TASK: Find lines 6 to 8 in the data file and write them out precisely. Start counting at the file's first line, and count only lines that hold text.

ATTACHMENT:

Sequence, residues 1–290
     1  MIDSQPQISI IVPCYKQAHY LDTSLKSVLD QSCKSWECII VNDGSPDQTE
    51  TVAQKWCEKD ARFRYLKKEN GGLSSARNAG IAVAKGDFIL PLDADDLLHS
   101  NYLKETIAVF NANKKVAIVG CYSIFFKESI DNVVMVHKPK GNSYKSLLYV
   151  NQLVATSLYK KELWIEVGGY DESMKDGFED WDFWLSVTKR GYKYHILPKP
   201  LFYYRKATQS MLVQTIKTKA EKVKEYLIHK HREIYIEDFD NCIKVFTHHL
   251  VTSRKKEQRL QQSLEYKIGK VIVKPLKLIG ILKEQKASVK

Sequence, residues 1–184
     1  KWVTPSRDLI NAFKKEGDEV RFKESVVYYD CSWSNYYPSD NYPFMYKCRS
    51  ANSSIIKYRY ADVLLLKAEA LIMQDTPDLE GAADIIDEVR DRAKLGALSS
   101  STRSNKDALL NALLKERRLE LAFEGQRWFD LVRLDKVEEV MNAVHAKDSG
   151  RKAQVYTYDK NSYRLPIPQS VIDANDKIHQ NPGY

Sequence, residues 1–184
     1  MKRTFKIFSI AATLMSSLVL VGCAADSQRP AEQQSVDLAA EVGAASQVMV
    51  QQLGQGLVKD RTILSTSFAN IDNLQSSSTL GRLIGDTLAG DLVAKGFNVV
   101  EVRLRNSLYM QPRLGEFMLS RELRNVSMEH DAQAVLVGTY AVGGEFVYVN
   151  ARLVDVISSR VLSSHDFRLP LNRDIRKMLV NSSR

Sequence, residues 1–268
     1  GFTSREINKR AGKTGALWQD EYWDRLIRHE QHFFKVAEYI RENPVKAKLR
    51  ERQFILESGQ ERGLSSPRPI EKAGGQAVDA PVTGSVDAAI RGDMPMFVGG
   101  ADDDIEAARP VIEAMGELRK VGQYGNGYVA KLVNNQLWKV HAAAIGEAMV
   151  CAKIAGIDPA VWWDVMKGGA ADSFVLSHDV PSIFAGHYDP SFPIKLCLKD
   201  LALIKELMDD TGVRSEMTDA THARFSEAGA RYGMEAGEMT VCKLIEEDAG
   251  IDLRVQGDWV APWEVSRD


   201  LFYYRKATQS MLVQTIKTKA EKVKEYLIHK HREIYIEDFD NCIKVFTHHL
   251  VTSRKKEQRL QQSLEYKIGK VIVKPLKLIG ILKEQKASVK

Sequence, residues 1–184